At a glance.
- RedAlpha targets think tanks and humanitarian organizations.
- Golden Chickens operator discovered.
- BlueSky ransomware rapidly encrypts data.
- Bitter APT using Android malware.
RedAlpha targets think tanks and humanitarian organizations.
Recorded Future describes a credential-phishing campaign by the suspected Chinese state-sponsored threat actor RedAlpha that's been targeting "humanitarian, think tank, and government organizations globally" since 2019:
"Over the past 3 years, we have observed RedAlpha registering and weaponizing hundreds of domains spoofing organizations such as the International Federation for Human Rights (FIDH), Amnesty International, the Mercator Institute for China Studies (MERICS), Radio Free Asia (RFA), the American Institute in Taiwan (AIT), and other global government, think tank, and humanitarian organizations that fall within the strategic interests of the Chinese government. Historically, the group has also engaged in direct targeting of ethnic and religious minorities, including individuals and organizations within Tibetan and Uyghur communities."
The researchers add, "RedAlpha is likely attributable to contractors conducting cyber-espionage activity on behalf of the Chinese state. This assessment is based on the group’s consistent targeting in line with the strategic interests of the CCP, historical links to personas and a private company situated in the People’s Republic of China (PRC), and the wider regularly documented use of private contractors by Chinese intelligence agencies.
Golden Chickens operator discovered.
eSentire has published a report on the individual behind Golden Chickens/more_eggs, a sophisticated malware-as-a-service operation used by three of the top cybercriminal groups: FIN6 and Cobalt Group (both based in Russia) and Evilnum (based in Belarus). The threat actor, who goes by the online alias "badbullzvenom," has been involved in cybercrime since at least 2004. He appears to be based in Montreal, Canada, though the researchers believe he's sharing the badbullzvenom account with a partner in either Moldova or Romania.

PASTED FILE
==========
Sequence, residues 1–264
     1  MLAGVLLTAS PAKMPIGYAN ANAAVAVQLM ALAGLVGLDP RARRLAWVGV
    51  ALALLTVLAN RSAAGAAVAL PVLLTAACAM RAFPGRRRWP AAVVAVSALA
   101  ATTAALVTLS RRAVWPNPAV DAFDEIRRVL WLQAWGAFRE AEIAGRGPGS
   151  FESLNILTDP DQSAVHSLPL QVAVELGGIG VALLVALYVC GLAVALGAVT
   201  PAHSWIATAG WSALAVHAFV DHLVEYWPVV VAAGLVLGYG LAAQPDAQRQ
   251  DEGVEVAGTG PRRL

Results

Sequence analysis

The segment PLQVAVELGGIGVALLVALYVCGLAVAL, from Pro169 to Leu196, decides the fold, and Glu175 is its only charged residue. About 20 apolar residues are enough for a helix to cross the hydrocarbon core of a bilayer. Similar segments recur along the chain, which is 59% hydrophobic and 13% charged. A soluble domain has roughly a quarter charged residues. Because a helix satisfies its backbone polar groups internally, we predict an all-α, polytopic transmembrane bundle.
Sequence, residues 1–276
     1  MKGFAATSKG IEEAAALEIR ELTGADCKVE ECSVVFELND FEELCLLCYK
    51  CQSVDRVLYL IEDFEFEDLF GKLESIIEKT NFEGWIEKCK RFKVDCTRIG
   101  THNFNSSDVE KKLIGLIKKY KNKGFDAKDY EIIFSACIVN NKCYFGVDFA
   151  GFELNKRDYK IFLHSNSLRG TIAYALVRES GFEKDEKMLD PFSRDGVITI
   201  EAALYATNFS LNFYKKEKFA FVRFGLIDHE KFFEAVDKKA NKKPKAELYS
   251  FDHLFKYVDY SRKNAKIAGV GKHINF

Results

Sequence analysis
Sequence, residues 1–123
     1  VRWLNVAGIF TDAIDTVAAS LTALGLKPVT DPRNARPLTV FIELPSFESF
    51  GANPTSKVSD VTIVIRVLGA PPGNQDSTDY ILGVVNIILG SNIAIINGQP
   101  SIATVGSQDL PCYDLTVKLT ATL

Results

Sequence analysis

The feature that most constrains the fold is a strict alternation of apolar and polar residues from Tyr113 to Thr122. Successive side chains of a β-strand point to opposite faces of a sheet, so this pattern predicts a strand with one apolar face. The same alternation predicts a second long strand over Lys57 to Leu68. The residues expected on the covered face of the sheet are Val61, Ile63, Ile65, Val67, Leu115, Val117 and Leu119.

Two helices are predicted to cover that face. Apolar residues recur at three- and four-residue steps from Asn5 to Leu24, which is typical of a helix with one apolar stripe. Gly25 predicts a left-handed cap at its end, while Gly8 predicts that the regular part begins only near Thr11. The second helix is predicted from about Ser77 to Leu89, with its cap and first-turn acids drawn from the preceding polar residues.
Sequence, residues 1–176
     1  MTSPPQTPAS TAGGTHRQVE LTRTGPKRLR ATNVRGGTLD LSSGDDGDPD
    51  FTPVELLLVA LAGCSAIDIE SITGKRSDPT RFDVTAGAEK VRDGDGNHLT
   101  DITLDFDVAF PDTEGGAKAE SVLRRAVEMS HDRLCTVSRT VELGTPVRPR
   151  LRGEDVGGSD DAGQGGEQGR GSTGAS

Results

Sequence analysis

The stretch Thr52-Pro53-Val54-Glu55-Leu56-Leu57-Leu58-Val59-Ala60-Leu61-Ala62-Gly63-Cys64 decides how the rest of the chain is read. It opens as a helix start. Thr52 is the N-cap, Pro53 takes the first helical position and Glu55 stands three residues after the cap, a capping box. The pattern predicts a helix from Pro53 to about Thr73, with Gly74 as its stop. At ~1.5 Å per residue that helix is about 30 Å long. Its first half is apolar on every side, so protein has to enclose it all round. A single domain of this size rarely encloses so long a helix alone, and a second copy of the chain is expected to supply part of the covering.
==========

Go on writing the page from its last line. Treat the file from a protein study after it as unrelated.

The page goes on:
In addition to documenting his criminal activity since 2013, the researchers have found his "birthdate, home address, his parents and siblings‘ names, friends‘ names, his hobbies, his social media accounts, and one of his side businesses." eSentire has shared this information with US and Canadian law enforcement.
BlueSky ransomware rapidly encrypts data.
Palo Alto Networks' Unit 42 describes a relatively new strain of ransomware called "BlueSky," which "predominantly targets Windows hosts and utilizes multithreading to encrypt files on the host for faster encryption":
"In our analysis, we found code fingerprints from samples of BlueSky ransomware that can be connected to the Conti ransomware group. In particular, the multithreaded architecture of BlueSky bears code similarities with Conti v3, and the network search module is an exact replica of it. However, in another respect, BlueSky more closely resembles Babuk Ransomware. Both use ChaCha20, an algorithm for file encryption, along with Curve25519 for key generation."
Bitter APT using Android malware.
The suspected Indian APT "Bitter" is using the Dracarys Android spyware to target victims in China, India, Pakistan, and other South Asian countries, according to researchers at Cyble:
"Dracarys Android Spyware impersonates genuine applications such as Signal, Telegram, WhatsApp, YouTube, and other chat applications and distributes through phishing sites. During analysis, we observed that one of the phishing sites is still live and distributing Dracarys. The phishing site mimics the genuine Signal site and delivers a trojanized Signal app."